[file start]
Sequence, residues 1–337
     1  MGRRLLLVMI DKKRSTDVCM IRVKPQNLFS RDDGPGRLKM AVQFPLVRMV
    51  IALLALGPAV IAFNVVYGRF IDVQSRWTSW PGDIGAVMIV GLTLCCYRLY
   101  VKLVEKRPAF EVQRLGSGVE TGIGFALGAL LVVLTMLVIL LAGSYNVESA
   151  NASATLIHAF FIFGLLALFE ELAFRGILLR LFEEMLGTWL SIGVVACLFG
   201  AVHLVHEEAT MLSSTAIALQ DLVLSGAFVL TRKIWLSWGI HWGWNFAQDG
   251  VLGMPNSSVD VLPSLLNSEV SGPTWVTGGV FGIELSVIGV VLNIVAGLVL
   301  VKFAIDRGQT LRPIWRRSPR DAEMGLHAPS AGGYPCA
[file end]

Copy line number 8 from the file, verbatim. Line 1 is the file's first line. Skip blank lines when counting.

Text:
   301  VKFAIDRGQT LRPIWRRSPR DAEMGLHAPS AGGYPCA